Some people probably have graduated from Uni with a journalism degree and found a job straight after and in the coming weeks I hope to showcase them in a new post.

  2. […] though a shameless plug, my debut post was a look at the merits of a degree in journalism compared to an NCTJ course. As it was quite […]

  3. Matt Baxter says:

    Hi Matthew,
    I’ve just come across your blog and it’s proving a great insight into many things.
    I, like you have, am studying on my final year of a journalism degree. I’m currently learning shorting as well as sitting in surrounding courses class’ to get some of my NCTJ’s done whilst i can get the tuition for free.
    I definitely agree with you about degree courses. They do teach you a lot, and in an environment where you can more afford to make mistakes. I’ve picked up quite a few multi-media skills up along the way as the uni’s equipment is good and i wouldn’t be able to afford much of this myself otherwise.
    However, as useful as structuring a news story or writing for online modules might be, nothing beats the professional environment of actually doing it.
    Above all, work experience is vital and anyone who believes they’ll just walk into a journo waving their degree is a very naive person in my opinion.
    Keep up the good work and good luck with your NCTJ results!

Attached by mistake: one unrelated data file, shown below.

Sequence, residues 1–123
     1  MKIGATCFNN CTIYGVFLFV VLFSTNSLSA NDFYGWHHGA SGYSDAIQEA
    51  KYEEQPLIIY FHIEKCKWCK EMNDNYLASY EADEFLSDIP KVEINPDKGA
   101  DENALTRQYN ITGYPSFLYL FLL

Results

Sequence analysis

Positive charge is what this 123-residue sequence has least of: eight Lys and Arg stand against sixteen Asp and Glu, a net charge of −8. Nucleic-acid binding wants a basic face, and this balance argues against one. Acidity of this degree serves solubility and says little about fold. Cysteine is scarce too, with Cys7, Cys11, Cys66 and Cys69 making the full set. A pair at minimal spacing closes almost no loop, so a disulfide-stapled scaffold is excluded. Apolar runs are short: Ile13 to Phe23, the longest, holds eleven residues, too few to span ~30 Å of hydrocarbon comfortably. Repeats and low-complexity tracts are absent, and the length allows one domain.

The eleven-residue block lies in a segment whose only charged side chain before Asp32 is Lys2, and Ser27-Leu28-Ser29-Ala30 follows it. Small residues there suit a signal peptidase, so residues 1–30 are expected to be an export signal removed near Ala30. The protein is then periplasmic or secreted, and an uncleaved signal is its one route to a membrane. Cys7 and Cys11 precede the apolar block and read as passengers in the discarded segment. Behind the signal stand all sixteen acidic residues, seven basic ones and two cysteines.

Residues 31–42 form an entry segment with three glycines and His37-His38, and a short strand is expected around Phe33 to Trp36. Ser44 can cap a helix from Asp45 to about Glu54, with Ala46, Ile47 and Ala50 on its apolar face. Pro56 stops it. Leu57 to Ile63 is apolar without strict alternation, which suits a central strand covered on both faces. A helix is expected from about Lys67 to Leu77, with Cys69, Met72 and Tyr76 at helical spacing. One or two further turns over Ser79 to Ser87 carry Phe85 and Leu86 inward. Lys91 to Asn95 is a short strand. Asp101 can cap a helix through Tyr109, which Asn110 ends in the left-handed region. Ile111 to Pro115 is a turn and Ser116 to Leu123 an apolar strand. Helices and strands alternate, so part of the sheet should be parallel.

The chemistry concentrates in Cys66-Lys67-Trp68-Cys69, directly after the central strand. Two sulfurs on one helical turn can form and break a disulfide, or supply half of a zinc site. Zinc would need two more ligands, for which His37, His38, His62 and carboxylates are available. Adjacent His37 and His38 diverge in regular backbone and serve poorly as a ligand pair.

I know I’ll be in your situation with some of mine come january/feb.

    • Matt Wiggins says:

      Hi Matt

      Thanks for the comments. I am glad you have not only found the blog but started at the beginning, this was my first ever post!

      I definitely agree with you, nothing beats experience. But that can be hard to come by during full time education. Does your Uni course allow for you to gain any experience during your time there? Mine did and it certainly helped but maybe wasn’t for long enough.

      A degree does provide a good grounding for a amateur journalists but the competitive nature of the industry mean that you need a bit more these days.

      Thanks for your well wishes and please return to the site soon.

      • Matt Baxter says:

        There’s no placement built into my course, but we have some great lecturers here (Salford uni) and they’re always willing to help you out if you show you’re committed with things.
        Like they’ve all been happy with sharing contacts when i’ve needed them. And if they weren’t so sound i wouldn’t be taking any of my nctj’s as they’re not built into my course, but others around it (my course is Journalism and Broadcasting).
        Don’t worry i’m keeping posted and getting through your articles.
        Got your blog on my Google Reader – vital tool for any journo!

      • Matt Wiggins says:

        Interesting points you make about contacts, Matt and in perfect timing for my post on networking tomorrow!